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ISSN 1330-3651

UDC/UDK 519.61:624.046

Subject review

Special finite elements (FEs) are used for modeling of certain phenomena in structural behavior. The term "special" denotes FEs with specific characteristics

(stiffness parameters, behavior under load, etc.) and a specific role in modeling, which is their main difference from "common" FEs. There are many types of

special FEs, but the following are often used: so-called "nonlinear spring" FE, "gap" FE and "link" FE. Various examples will show many advances in the

application of these FEs, especially in modeling of boundary and interface conditions. Theoretical background is given only in the amount necessary for proper

understanding of numerical aspects of the application of special FEs.

Pregledni lanak

Specijalni konani elementi (KE) koriste se za modeliranje posebnih fenomena u ponaanju konstrukcija. Izraz "specijalni" oznaava KE sa specifinim

svojstvima (parametri krutosti, ponaanje pod optereenjem, itd.) i posebnom ulogom u modeliranju, po emu se i bitno razlikuju od "standardnih" KE. Postoji

vie tipova specijalnih KE, ali se najee koriste: "nelinearna opruga" KE, "zazor" KE i "veza" KE. Na razliitim e primjerima biti pokazane prednosti

primjene specijalnih KE, posebno u modeliranju konturnih i prijelaznih uvjeta. Teorijska podloga data je samo u neophodnom obimu, zbog dobrog

razumijevanja numerikih aspekata primjene specijalnih KE.

Introduction between FE system joints and some external joints.

Possibilities are several:

Finite Element Method (FEM) evolves a particular ! various types of indirect connections between FEs or

"technology" for structural analysis, mostly because of between FEs and structural supports,

intensive development of the FEM based CASA (Computer ! various types of shear, sliding or frictional conditions

Aided Structural Analysis) software. The use of CASA between FEs and

software for modeling of structural behavior strongly ! changing of behavior of connection between FEs

depends on possible selection of analysis and available type because of change of structural conditions, etc.

of FEs. One possible classification of FEs [1], based on FE

type and role in modeling is shown in Fig. 1. 2

Theoretical background

as "boundary conditions" (related to supports) and

"interface conditions" models (for relations between FE

joints). In numerical treatment of these conditions so-called

"removal" and "restraint" methods are used, [5].

In that sense, the term "single-joint restraint" is used for

boundary condition while the term "multi-joint restraint" is

used for definition of interface conditions. Usual example

for a "multi-joint restraint" is a model of connection

between 1D beam FE and 2D plate FE, Fig. 2.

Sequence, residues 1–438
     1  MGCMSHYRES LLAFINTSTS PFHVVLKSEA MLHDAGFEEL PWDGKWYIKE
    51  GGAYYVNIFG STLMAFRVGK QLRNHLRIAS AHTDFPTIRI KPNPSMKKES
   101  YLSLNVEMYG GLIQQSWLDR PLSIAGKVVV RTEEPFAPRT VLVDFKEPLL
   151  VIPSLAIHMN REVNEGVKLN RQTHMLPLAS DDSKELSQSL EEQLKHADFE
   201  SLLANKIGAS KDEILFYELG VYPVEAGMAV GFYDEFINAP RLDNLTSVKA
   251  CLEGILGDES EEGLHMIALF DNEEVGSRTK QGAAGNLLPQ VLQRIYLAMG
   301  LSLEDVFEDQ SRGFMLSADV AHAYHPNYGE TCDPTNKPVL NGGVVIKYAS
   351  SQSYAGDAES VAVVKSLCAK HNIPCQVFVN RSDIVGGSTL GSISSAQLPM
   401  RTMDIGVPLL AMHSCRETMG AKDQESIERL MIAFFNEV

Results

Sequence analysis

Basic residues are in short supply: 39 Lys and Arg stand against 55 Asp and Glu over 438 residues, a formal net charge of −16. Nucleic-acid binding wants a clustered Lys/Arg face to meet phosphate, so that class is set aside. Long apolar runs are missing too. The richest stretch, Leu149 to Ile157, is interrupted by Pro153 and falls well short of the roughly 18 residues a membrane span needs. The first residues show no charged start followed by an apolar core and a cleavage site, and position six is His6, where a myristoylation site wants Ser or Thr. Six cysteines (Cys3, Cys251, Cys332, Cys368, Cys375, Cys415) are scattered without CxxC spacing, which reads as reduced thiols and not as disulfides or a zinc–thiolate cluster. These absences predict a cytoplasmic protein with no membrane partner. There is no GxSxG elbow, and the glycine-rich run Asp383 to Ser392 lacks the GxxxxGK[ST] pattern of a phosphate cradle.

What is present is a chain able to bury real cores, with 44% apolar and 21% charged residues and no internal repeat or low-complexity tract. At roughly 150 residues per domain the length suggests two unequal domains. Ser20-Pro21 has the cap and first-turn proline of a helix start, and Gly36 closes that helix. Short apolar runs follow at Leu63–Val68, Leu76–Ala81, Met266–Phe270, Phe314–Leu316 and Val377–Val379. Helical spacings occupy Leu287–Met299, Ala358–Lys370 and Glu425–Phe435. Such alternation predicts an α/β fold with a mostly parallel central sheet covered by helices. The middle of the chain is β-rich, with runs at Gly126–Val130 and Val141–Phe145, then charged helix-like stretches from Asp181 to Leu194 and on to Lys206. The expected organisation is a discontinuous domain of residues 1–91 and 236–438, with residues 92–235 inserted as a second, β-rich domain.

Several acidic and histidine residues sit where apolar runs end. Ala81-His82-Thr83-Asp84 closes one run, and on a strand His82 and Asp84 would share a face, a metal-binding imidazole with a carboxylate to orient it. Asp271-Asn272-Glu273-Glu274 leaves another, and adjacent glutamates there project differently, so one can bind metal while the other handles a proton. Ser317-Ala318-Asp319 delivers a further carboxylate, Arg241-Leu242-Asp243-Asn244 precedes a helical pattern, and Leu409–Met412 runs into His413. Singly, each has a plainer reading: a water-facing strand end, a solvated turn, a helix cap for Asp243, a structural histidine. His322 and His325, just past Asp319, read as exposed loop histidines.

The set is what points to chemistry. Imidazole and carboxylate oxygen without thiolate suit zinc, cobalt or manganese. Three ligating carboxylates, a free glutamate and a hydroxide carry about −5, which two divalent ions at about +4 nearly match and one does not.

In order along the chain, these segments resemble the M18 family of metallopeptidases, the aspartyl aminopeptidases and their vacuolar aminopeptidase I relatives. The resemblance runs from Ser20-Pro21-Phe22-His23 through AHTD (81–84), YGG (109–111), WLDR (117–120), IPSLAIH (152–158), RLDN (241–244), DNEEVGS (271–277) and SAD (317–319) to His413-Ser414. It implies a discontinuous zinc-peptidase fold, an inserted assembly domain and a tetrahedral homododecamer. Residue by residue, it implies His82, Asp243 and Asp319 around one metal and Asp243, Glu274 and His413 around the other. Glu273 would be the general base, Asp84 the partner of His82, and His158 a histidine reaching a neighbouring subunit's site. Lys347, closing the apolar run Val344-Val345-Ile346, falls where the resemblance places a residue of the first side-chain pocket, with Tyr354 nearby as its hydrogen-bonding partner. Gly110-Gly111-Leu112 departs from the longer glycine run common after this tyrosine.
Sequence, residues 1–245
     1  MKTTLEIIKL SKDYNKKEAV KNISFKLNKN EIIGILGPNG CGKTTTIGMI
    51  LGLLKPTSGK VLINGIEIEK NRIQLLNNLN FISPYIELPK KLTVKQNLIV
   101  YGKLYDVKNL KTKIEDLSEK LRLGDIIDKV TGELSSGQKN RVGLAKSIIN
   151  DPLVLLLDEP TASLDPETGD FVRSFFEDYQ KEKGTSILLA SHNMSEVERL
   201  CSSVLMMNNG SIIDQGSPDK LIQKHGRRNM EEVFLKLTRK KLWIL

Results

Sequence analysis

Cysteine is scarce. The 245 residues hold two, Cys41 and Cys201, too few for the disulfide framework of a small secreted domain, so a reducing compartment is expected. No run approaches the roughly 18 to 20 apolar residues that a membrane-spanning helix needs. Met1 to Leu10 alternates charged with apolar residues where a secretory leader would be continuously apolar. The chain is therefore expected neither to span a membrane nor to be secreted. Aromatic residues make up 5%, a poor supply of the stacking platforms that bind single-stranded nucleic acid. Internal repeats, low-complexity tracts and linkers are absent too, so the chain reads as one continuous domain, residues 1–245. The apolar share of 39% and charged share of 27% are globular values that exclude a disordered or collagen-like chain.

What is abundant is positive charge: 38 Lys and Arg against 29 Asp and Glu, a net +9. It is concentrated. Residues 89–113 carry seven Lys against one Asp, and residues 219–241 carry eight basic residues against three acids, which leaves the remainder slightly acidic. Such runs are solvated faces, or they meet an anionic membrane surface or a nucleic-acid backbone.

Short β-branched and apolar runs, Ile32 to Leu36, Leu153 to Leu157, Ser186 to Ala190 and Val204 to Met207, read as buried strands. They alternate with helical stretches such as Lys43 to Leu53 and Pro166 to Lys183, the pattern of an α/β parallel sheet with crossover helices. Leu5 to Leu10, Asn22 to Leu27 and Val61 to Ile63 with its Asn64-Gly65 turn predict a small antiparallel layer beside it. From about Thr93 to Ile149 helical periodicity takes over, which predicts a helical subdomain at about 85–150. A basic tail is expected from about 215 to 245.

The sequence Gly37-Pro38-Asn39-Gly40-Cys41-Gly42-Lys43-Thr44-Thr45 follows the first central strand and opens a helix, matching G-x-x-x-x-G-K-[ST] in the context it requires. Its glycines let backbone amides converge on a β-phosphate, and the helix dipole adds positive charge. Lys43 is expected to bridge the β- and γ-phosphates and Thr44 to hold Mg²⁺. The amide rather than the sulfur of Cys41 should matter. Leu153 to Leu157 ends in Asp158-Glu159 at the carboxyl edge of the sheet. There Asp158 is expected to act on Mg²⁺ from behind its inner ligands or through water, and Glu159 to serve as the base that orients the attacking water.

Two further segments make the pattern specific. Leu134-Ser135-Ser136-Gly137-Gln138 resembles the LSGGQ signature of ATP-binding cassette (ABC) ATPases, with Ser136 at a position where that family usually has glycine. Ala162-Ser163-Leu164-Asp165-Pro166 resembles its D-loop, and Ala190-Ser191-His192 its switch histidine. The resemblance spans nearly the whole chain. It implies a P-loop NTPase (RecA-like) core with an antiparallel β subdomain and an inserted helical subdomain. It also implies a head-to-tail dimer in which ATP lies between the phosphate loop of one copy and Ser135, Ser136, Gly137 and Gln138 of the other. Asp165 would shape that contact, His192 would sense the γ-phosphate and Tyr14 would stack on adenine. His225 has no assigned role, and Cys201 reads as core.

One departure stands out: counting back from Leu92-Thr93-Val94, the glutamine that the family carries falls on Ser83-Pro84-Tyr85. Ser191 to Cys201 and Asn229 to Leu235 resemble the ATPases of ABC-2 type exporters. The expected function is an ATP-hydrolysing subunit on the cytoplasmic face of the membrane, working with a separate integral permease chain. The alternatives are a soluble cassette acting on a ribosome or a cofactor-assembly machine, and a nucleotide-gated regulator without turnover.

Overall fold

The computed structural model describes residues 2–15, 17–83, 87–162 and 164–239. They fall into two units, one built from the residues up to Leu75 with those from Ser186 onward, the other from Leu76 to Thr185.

Figure 1 FEs categorization with regard to the type and role in modeling

categorization. The term "special" denotes FEs with

specific performances (immateriality, defining parameters,

behavior, etc.) and a specific role in modeling, which is their

main difference from "common" FEs, [2-4]. Special FEs are Figure 2 Model of the FEs beam and

used for modeling of wide range of compatibility conditions plate connection

Special finite elements: Theoretical background and application D. Kovaevi et al.

Beam and plate FEs have no common nodes and their rotational DOFs) which define stiffness of the modeled

axes/edges do not coincide in this model. Offsets in local FE indirect connection and

axes direction are ex and ey. Mathematically, it is necessary ! position of "interface" i.e. common point in the

to equalize degrees of freedom (DOF) i.e. displacements of modeled indirect connection.

the beam and plate FEs. Matrix relation between

corresponding DOF in "i" (so-called "master" joint) and "j" It is possible to define ideal rigid connection by the

(so-called "slave" joint) is: choice of proper stiffness values of all six stiffness

parameters. Setup of the link FE parameters in AxisVM

CASAsoftware is presented in Fig. 4.

ui 1 0 e y u j

vi = 0 1 ex v j . (1)

q 0 0 1

i q j

restraint" generic equation are, [2]:

! "master-slave elimination",

! "penalty function augmentation" and

! "Lagrange multiplier adjunction".

numerical realization of "multi-joint restraint" i.e.

"interfaces conditions" modeling, special FEs could be

categorized in the following generic groups:

! "link" special FEs,

! "nonlinear spring" special FE and

! "gap" special FE.

FEs with all six DOF in each node. The field of use of

special FEs with necessary explanations will be given in the

following sections.

There is one alternative concept for the modeling of Figure 3 Examples of indirect connection in models

boundary and, especially, interface conditions in the FEM

technology. It is based on standard FEs adapted for the

special conditions. Such example is standard beam FE